Makes about 1 1/4 cups carrot vinaigrette.
This should keep in a jar in the refrigerator for up to 2 weeks. Use it on all the salads you make and it will disappear before you have to worry about it.
This is our girl. Our Lucy girl.
Lucy turned four this summer, a summer of laughter and splashing in the pool every day, a summer of long days playing in the yard, evenings at the beach, and reading every book I could find for her in a heady hungry devouring of words and stories. This summer, she started singing nearly every hour, standing at the edge of the deck, gesticulating to an imagined crowd, belting out songs from The Sound of Music.
This summer, she found her will even more strongly than before. She whines sometimes, finds a way to push our buttons until we have to walk away to find more patience, and crawls up into our laps with instant contrition. In my mind, I repeat: “I want my daughter to be a strong woman in this world. I want my daughter to be a strong woman in this world.” But man! Anyone who tells you that parenting is a breeze has probably never been a parent.
We adore this girl, who is now four. She is the light of our lives.
This summer, she graduated from preschool.
I have to explain — she’s not going to kindergarten. Yet. She loves to imagine that she’s going now. “I will go on the big yellow school bus to kindergarten, Mama!” Her uncle teaches at the school, her cousin will be in the fifth grade —— this makes her giddy to go. But not yet, my love. You’re growing up fast enough.
Instead, the preschool from where she graduated was an unusual place. She began there a couple of years ago. It’s a Montessori-style school, designed for babies of 9 months old until they are 2. After only a few months at this extraordinary school, Lucy had to graduate. However, her wonderful teacher decided to offer an afternoon class, meant for 2 to 3-year-olds. She just loved this little clutch of kids too much to let them go, yet.
Lucy spent two afternoons a week in a garden that bloomed with cardoons in summer.
Lucy learned to identify cardoons and chard in the garden, but those meant far less to her than these goofy, lovely kids do.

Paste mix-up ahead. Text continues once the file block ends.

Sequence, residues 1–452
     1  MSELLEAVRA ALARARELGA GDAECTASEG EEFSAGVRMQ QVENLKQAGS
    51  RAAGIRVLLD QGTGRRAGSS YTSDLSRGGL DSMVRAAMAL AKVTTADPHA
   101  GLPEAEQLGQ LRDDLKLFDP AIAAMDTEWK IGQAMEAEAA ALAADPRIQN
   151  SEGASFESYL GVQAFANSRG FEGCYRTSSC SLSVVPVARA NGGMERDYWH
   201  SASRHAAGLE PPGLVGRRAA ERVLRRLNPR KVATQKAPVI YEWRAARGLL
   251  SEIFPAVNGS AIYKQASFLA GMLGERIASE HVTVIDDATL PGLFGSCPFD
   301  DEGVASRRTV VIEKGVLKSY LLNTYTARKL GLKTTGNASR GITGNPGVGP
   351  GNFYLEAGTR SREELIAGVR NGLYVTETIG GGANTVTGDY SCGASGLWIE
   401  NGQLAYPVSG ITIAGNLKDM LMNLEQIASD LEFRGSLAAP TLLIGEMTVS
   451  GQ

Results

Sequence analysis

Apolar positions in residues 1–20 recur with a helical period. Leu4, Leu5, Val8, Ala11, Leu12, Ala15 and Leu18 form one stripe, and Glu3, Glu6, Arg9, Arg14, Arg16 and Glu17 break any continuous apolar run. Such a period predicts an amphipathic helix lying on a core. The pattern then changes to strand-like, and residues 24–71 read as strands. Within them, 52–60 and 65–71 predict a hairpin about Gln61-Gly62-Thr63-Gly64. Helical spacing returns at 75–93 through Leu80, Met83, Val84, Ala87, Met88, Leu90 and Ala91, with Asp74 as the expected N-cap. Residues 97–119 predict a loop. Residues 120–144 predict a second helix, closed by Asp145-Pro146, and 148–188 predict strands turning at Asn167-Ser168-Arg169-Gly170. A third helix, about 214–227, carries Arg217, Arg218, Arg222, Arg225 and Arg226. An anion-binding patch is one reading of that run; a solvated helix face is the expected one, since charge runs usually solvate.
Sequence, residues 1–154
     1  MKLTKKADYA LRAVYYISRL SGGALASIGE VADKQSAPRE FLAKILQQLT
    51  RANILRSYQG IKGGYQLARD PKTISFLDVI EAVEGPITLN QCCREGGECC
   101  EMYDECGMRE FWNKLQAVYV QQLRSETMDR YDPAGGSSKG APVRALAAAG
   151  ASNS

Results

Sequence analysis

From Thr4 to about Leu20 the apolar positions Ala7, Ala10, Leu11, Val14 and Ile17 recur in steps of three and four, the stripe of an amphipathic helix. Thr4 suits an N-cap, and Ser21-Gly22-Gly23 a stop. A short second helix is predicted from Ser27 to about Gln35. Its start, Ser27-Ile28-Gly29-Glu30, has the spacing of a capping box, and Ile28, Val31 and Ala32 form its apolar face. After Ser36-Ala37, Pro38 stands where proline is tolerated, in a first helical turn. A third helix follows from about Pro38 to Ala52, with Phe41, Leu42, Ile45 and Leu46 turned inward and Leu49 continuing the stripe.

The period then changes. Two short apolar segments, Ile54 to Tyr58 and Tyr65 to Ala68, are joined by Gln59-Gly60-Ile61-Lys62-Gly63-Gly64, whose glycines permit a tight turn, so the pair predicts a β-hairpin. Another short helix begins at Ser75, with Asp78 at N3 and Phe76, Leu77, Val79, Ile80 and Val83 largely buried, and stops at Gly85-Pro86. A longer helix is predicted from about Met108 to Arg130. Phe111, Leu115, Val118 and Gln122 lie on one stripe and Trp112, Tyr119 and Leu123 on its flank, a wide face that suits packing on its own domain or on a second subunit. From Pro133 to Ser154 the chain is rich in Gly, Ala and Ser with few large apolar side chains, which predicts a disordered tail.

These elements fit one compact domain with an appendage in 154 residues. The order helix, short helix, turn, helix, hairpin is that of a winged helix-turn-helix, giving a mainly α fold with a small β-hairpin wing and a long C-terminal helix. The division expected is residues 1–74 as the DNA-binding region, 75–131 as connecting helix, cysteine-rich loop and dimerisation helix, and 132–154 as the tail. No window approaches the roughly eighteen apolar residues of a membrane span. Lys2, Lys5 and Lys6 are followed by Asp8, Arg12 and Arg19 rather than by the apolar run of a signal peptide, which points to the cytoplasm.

Lu loves people. She squeals with delight when she finds a friend in one of the grocery aisles. After a few moments of studying intently, she opens her eyes wide and smiles at the new person talking to us. This girl listens to every conversation around her.
Lucy’s teacher told us a story one afternoon, after school. The little blonde girl in that photo above hit a hormonal, just-turned-three fit of deep emotion. She threw herself on the stairs and sobbed. She told her teacher she needed some private time to feel sad. Lucy, however, went over to her friend, put a hand on her shoulder, and said, “Take a deep breath. Take a deep breath. You’ll feel better.” Her friend ran up to us, as soon as she heard the story. “Lucy helped me to calm down! She helped me to feel calm.”
It’s amazing to me when I hear about people pushing flashcards on their toddlers, making them memorize Mozart melodies, or angling them into the right playgroups that are feeders for the private schools that lead to Harvard. How is any of that important?
That story of Lucy reminding her friend to breathe made the entire preschool experience worth it for me.
And there was art, bright paints flung onto a piece of plywood in the sunlight. I watched a group of those kids one afternoon, giggling with each other, then quieting down as they swirled paints with their fingers and found some place of focused concentration.
Lucy’s going to miss this space.
More, she’s going to miss this woman, this incredible woman of true compassion. She is one of the best teachers I’ve ever met.
When Danny and I went to observe her teach a small group of students, when we were considering the school for Lu, we sat on the edge of the couch, almost moved to tears. We watched as she went up to two children, having a normal tug-of-war over a toy, and gently lay her hand on each shoulder. “Gregory,” she said, “What is Fin’s body telling you about how he’s feeling right now?“
The boy tugging hardest relaxed his hand. “He’s sad.“
“Yes,” she said. “He is sad. How would you feel if he was treating you this way? Could you let him play with the toy for 2 more minutes? And then he can give it to you.“
The antagonism disappeared into the cool air.